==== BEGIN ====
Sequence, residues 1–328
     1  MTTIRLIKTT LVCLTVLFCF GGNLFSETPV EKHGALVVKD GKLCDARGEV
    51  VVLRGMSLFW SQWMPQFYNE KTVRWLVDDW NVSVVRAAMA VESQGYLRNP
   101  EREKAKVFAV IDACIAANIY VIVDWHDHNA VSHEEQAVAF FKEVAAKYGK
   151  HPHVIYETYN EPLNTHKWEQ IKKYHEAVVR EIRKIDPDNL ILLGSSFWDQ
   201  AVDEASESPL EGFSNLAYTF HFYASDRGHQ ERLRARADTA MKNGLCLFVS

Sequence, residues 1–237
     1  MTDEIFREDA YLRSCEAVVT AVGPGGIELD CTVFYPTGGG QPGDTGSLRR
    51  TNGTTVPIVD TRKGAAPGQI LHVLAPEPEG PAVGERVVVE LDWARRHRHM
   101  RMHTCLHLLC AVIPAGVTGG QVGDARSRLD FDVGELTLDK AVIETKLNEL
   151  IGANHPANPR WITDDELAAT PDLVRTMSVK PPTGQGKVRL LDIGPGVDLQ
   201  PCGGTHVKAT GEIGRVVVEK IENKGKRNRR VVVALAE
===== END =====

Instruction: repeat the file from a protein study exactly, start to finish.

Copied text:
Sequence, residues 1–328
     1  MTTIRLIKTT LVCLTVLFCF GGNLFSETPV EKHGALVVKD GKLCDARGEV
    51  VVLRGMSLFW SQWMPQFYNE KTVRWLVDDW NVSVVRAAMA VESQGYLRNP
   101  EREKAKVFAV IDACIAANIY VIVDWHDHNA VSHEEQAVAF FKEVAAKYGK
   151  HPHVIYETYN EPLNTHKWEQ IKKYHEAVVR EIRKIDPDNL ILLGSSFWDQ
   201  AVDEASESPL EGFSNLAYTF HFYASDRGHQ ERLRARADTA MKNGLCLFVS

Sequence, residues 1–237
     1  MTDEIFREDA YLRSCEAVVT AVGPGGIELD CTVFYPTGGG QPGDTGSLRR
    51  TNGTTVPIVD TRKGAAPGQI LHVLAPEPEG PAVGERVVVE LDWARRHRHM
   101  RMHTCLHLLC AVIPAGVTGG QVGDARSRLD FDVGELTLDK AVIETKLNEL
   151  IGANHPANPR WITDDELAAT PDLVRTMSVK PPTGQGKVRL LDIGPGVDLQ
   201  PCGGTHVKAT GEIGRVVVEK IENKGKRNRR VVVALAE